Green Tree Frog

GreenTreeFrogScientific Name: Litoria caerulea
Conservation Status: Least concern
Body Length: 6–10 cm

Distribution: Northern and eastern Australia
Habitat: Large variety of wet habitats including urban areas.

Description: Green Tree Frogs are fairly large. They have smooth, green skin that can change shade. The underbelly is a creamy white and there are scatterings of white spots on its back. Like other tree frogs, the Green Tree Frog has toe discs on the tips of its toes and fingers.

Diet: Green Tree Frogs are carnivores and eat a wide range of invertebrates, including insects and worms.

In the wild: These frogs live a solitary existence and come together only at mating time. At this time, a deep barking sound is repeated regularly that sounds like timber being sawn. Up to 2,000 eggs are laid and there is no parental care. Tadpoles grow into frogs after 4–6 weeks.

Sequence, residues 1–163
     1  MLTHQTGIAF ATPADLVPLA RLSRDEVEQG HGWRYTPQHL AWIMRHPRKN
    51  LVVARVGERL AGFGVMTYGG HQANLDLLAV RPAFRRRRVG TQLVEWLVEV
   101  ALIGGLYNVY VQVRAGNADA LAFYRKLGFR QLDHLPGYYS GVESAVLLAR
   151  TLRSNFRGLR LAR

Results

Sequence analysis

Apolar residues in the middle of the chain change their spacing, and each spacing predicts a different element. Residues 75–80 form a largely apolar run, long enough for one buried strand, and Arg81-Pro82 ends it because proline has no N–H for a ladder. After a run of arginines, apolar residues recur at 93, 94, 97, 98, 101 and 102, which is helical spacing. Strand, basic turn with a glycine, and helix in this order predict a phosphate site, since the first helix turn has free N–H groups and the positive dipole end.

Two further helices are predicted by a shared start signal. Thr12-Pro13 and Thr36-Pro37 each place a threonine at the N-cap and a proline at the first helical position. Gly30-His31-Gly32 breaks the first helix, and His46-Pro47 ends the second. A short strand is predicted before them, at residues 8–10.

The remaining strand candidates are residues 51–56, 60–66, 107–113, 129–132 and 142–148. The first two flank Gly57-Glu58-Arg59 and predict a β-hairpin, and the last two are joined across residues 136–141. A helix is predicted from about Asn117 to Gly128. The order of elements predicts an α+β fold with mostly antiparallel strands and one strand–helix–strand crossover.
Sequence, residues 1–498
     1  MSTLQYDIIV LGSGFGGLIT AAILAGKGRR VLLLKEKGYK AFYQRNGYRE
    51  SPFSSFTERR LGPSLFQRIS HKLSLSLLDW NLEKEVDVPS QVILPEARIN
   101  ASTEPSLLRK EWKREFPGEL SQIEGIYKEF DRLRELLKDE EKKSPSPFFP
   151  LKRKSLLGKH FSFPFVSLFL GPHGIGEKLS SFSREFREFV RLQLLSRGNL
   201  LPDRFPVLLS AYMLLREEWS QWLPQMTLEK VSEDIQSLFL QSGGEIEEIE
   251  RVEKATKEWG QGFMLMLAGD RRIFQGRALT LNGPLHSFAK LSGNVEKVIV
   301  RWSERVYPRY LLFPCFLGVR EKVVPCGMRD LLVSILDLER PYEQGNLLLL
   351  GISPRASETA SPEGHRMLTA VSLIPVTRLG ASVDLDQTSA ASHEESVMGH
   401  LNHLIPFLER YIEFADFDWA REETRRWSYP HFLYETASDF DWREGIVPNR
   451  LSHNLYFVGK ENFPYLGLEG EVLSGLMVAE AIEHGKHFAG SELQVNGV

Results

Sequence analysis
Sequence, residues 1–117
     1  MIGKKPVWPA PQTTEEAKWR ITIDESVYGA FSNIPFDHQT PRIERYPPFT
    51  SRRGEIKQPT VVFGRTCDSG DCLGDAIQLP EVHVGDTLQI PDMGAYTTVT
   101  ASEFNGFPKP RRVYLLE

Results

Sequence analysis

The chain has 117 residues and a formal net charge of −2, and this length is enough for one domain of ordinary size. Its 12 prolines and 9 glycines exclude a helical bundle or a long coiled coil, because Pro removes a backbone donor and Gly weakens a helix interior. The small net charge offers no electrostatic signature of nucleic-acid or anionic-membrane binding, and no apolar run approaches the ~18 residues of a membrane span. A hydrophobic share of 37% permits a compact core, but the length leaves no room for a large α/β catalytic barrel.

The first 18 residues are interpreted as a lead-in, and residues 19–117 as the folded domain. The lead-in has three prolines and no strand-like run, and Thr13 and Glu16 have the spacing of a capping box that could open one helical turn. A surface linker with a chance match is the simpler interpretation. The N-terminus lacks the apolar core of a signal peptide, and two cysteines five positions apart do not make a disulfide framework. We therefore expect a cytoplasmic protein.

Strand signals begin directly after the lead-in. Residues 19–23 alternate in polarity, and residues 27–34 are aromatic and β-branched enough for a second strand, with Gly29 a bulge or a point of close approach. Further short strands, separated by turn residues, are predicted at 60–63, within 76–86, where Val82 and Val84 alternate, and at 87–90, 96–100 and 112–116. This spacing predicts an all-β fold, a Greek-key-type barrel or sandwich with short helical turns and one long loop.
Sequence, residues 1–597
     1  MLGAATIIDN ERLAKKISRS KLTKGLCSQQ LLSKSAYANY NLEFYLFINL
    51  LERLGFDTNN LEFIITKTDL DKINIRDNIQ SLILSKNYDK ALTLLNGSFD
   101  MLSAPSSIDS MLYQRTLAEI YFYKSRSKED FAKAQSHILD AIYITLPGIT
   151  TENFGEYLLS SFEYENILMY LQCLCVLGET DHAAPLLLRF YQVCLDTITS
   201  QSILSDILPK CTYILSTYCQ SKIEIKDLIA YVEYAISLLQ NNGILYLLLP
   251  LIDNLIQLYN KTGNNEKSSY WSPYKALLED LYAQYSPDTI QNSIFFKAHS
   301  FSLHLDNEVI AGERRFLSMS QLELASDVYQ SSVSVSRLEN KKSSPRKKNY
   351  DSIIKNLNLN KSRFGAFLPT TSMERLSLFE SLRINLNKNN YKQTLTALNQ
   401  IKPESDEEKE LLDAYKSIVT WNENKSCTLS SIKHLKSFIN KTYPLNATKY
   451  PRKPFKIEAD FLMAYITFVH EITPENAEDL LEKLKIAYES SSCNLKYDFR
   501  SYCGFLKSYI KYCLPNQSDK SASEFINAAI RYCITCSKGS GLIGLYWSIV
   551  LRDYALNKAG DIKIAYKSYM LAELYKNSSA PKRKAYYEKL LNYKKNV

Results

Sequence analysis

The natural predators of Green Tree Frogs include snakes and birds. Domestic cats and dogs also eat them.

Threats: Habitat destruction is a threat to the Green Tree Frog as swamps and ponds are filled in or the water is polluted by chemicals or other toxins.

Many of Australia’s frogs are threatened by a fungus called Chytrid fungus which is causing the death (and sometimes extinction) of some frogs.

At Perth Zoo: Green Tree Frogs can be seen inside the Nocturnal House.

Join the Perth Zoo-coordinated Night Stalk from 1 September to 16 October and spotlight for native animals in your local bushland. Night Stalk is a great way to become involved in community conservation action and to learn about our native animals, their habitat and their threats. Night Stalk is sponsored by Tronox.

Did you know? The Green Tree Frog is a natural insect repellent. The secretions from its skin have been found to be lethal to blowflies.

Download the Green Tree Frog Fact Sheet (pdf).

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